Grants Management Professional Competency Model

    Cross-Cutting Competencies

    • Diversity, Equity, and Inclusion: Promote diversity, equity, and inclusion in grantmaking practices.
    • Process and Change Management: Plan and monitor processes efficiently and effectively and manage change as needed to contribute to grantmaker's strategic goals and grantee's success.

  • Communicating and Facilitating the End of Grant Funding

    Contains 1 Component(s)

    Session materials from PEAK2019.

    Session materials from PEAK2019.

    There are many guidelines and best practices for starting grant programs but few for closing them out. Yet, a poor closeout process can negatively affect an organization’s relationships and reputation, hurting its future work in the field. Effectively ending a grants program requires consistent and transparent communication with grantees and stakeholders, a thoughtful process for wrapping up reporting and payments, and a steady focus on achieving a positive impact until the end. ClearWay Minnesota, a statewide nonprofit dedicated to reducing tobacco’s harm, was created with an intentional 25-year lifespan. In preparation for ClearWay Minnesota’s sunset, staff developed principles for ending grants and exiting the field. This session will provide guidance for communicating clearly as you close out funding, setting a positive but realistic tone with grantees, helping organizations you fund make plans for the future, and recognizing significant accomplishments your funding helped achieve.

    Participants will learn about:

    Communicating early, often, and positively about the end of grant funding

    Varying definitions of “sustainability” and activities that realistically can continue after funding ends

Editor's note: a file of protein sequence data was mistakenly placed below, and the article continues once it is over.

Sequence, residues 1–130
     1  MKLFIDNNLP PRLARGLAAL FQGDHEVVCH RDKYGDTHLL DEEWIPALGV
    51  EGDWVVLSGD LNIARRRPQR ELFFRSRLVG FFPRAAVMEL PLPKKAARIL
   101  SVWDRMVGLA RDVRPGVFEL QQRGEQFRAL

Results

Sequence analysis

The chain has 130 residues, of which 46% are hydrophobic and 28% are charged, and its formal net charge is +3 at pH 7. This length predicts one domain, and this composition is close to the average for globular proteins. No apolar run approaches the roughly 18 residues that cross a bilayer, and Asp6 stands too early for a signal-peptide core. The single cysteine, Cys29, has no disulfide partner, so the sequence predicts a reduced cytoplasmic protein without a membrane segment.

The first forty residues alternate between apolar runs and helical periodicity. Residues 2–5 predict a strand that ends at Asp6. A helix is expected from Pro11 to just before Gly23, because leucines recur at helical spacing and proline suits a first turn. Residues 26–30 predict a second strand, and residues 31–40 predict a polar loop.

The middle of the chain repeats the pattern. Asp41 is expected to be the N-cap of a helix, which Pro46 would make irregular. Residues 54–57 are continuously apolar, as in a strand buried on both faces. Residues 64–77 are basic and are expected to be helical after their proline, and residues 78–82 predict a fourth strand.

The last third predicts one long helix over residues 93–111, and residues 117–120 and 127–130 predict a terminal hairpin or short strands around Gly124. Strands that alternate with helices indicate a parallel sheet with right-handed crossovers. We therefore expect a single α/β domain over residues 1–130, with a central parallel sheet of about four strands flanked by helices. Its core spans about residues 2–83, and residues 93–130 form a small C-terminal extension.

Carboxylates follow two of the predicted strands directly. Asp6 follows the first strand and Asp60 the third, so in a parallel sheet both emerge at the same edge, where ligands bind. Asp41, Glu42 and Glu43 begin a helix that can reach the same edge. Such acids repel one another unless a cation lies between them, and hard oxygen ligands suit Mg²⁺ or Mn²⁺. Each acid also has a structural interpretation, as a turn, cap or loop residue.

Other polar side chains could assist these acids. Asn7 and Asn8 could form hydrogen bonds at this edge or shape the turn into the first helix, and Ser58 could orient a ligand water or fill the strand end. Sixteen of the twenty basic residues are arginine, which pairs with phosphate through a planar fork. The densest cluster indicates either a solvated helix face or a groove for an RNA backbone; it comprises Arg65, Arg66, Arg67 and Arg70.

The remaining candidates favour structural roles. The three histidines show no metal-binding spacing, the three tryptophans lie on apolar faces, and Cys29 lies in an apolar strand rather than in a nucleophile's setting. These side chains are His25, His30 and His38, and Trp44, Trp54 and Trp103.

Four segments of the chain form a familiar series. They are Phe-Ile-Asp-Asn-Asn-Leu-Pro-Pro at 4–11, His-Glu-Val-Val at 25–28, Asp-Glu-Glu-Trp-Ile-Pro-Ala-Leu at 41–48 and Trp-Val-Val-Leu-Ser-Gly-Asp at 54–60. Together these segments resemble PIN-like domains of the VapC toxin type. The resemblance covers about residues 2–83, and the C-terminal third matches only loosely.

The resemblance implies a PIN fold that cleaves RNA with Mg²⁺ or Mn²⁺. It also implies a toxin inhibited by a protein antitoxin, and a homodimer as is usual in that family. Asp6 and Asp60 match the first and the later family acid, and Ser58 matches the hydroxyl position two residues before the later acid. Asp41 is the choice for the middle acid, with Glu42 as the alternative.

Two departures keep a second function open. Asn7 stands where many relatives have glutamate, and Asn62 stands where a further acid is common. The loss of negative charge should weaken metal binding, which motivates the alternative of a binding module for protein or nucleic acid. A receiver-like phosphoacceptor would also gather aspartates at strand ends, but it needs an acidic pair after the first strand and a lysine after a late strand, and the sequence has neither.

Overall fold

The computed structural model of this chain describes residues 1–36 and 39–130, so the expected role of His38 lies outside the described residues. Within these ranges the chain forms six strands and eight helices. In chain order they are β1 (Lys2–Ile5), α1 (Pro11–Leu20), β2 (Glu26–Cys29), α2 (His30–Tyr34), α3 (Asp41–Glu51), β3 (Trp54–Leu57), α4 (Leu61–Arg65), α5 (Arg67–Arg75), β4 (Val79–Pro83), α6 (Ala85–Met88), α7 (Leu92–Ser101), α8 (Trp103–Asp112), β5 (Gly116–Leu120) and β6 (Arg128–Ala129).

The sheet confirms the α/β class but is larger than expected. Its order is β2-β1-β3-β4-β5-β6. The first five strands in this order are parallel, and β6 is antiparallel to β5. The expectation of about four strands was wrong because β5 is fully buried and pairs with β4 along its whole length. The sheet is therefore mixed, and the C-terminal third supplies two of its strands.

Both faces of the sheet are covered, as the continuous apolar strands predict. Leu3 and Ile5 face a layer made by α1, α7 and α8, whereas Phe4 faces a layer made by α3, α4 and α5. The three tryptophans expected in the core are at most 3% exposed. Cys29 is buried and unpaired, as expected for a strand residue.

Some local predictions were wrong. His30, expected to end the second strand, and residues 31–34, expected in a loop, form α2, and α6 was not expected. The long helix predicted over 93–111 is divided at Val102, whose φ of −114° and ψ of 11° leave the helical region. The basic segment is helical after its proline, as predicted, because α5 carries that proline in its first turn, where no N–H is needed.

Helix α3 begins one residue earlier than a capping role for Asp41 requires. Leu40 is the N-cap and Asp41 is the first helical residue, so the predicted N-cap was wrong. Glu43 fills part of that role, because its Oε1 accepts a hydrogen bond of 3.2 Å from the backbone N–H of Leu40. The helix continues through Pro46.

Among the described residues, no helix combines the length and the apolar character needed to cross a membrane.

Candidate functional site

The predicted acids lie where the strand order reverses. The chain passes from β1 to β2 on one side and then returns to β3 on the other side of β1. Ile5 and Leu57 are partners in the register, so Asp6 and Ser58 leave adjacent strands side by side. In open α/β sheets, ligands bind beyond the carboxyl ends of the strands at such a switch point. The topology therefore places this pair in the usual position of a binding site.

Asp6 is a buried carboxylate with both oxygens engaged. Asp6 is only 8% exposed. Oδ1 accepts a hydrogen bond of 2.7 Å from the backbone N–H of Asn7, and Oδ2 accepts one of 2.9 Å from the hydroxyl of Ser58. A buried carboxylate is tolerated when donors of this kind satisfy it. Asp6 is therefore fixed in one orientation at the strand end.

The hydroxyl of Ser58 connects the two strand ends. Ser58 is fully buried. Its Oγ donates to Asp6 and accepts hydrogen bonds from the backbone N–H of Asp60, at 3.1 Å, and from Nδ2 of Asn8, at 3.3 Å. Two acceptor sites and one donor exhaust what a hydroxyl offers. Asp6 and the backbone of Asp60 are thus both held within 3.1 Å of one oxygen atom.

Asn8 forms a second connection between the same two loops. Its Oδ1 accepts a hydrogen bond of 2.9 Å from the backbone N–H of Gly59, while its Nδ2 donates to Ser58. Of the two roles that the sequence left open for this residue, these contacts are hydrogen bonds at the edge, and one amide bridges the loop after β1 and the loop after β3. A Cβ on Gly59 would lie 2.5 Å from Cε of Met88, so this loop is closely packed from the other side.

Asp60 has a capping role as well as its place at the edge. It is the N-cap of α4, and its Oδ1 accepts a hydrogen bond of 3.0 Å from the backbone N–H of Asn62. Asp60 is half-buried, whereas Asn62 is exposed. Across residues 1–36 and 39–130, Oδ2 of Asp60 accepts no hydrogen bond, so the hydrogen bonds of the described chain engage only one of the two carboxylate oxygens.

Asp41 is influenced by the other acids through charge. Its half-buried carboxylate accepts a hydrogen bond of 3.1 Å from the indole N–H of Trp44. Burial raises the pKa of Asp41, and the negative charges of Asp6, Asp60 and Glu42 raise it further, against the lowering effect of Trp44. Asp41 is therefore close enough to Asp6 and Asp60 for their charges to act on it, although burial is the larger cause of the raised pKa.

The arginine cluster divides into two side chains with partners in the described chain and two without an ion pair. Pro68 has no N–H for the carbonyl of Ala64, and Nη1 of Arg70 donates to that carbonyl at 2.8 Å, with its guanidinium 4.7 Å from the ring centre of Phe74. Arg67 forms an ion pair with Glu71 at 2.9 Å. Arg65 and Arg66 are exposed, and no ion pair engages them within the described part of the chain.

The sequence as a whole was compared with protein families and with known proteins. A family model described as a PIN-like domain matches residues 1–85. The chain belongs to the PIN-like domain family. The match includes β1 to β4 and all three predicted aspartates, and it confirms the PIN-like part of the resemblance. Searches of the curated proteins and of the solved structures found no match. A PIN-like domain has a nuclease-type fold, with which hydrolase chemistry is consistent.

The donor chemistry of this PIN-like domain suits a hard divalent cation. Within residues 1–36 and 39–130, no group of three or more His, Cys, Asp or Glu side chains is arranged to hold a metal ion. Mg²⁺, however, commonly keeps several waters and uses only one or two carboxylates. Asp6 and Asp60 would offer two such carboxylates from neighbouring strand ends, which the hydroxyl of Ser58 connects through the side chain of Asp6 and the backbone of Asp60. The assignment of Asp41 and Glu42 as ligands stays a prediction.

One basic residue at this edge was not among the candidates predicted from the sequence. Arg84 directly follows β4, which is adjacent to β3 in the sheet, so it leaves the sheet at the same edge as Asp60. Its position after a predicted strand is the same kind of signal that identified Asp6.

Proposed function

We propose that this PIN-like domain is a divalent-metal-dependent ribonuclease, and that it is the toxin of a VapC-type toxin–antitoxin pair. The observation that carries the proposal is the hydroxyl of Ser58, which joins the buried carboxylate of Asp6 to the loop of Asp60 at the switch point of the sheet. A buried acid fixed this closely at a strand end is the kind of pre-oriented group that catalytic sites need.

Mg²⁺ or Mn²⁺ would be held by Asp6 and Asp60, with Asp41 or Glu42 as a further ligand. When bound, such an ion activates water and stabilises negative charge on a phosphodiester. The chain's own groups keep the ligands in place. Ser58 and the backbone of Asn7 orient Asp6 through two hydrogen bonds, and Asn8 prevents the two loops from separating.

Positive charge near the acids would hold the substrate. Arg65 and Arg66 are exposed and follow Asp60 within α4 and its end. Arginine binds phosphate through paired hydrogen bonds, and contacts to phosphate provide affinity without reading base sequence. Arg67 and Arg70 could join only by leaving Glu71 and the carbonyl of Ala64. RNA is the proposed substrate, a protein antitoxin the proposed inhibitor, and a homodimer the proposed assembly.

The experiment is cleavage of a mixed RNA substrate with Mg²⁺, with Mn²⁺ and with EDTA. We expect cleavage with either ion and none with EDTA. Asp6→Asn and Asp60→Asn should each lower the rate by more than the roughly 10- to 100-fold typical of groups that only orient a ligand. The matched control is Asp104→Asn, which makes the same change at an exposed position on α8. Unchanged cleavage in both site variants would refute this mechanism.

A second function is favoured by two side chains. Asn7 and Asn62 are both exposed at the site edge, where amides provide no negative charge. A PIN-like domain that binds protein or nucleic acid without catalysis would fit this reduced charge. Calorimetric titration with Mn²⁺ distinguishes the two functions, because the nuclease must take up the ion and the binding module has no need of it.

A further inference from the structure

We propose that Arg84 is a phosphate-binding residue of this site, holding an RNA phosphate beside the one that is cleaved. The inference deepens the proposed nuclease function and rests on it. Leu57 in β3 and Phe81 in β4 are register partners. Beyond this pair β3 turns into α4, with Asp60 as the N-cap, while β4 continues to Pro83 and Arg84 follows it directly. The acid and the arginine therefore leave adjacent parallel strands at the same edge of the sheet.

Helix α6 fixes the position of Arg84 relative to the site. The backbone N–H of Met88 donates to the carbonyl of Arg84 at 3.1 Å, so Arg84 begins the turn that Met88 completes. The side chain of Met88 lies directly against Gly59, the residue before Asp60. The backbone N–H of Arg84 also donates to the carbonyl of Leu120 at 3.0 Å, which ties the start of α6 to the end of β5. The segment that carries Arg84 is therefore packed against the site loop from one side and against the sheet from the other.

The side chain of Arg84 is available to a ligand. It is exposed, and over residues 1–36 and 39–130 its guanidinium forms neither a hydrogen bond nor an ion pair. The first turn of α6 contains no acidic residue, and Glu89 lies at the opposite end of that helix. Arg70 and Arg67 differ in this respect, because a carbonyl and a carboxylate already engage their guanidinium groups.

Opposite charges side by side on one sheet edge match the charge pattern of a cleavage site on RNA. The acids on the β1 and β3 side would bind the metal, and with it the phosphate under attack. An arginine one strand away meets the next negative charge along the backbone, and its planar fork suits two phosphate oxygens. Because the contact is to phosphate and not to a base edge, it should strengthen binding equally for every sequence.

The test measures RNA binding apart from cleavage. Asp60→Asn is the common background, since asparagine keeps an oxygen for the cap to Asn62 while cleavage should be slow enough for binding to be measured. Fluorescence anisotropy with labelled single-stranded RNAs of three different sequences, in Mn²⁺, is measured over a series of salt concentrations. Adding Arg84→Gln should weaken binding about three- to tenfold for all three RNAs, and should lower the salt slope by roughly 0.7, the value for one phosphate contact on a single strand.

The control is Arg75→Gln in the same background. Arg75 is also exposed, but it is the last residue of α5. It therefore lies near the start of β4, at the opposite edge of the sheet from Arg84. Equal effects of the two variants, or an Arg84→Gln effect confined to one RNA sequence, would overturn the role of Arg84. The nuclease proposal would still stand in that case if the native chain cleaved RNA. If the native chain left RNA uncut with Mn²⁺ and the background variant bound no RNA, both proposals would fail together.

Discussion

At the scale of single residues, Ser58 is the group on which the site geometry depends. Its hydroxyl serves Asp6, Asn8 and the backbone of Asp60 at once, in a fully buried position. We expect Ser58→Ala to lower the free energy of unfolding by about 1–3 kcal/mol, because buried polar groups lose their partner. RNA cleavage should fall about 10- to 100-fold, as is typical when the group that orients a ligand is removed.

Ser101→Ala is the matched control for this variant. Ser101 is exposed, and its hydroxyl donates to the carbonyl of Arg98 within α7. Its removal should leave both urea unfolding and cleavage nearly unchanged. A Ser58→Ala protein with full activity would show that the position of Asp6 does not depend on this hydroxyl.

Grant closeout milestones, e.g. determining ownership of grant deliverables and celebrating accomplishments

    Alexis Bylander

    Senior Public Affairs Manager

    ClearWay Minnesota

    Grants Management Professional Competency Model

    Cross-Cutting Competencies

    • Communications: Listen to others and communicate effectively.
    • Process and Change Management: Plan and monitor processes efficiently and effectively and manage change as needed to contribute to grantmaker's strategic goals and grantee's success.
    • Strategic Management: Promote organizational mission and goals and inspire colleagues to achieve them.

    Lifecycle of a Grant Competencies

    • Post-Grant: Review grantmaking to determine success in meeting goals and objectives.

  • Data’s Role in Driving Performance, Internally and Externally

    Contains 3 Component(s)

    Session materials from PEAK2019.

    Session materials from PEAK2019.

    Data can drive individual, department, and grantee performance. For example, reviewing data over the lifecycle of a grant can highlight the need for training on a particular process or suggest an adjustment in grants management software. Hear how data has driven departmental, operational, and individual performance as MacArthur Foundation transitioned to a new grants management system and centralized grants management department.

    Participants will learn about:

    Management’s perspective on data use

    Bottlenecks in workflow

    Using data to drive performance

    Steven Casey

    Associate Director, Grants Management

    MacArthur Foundation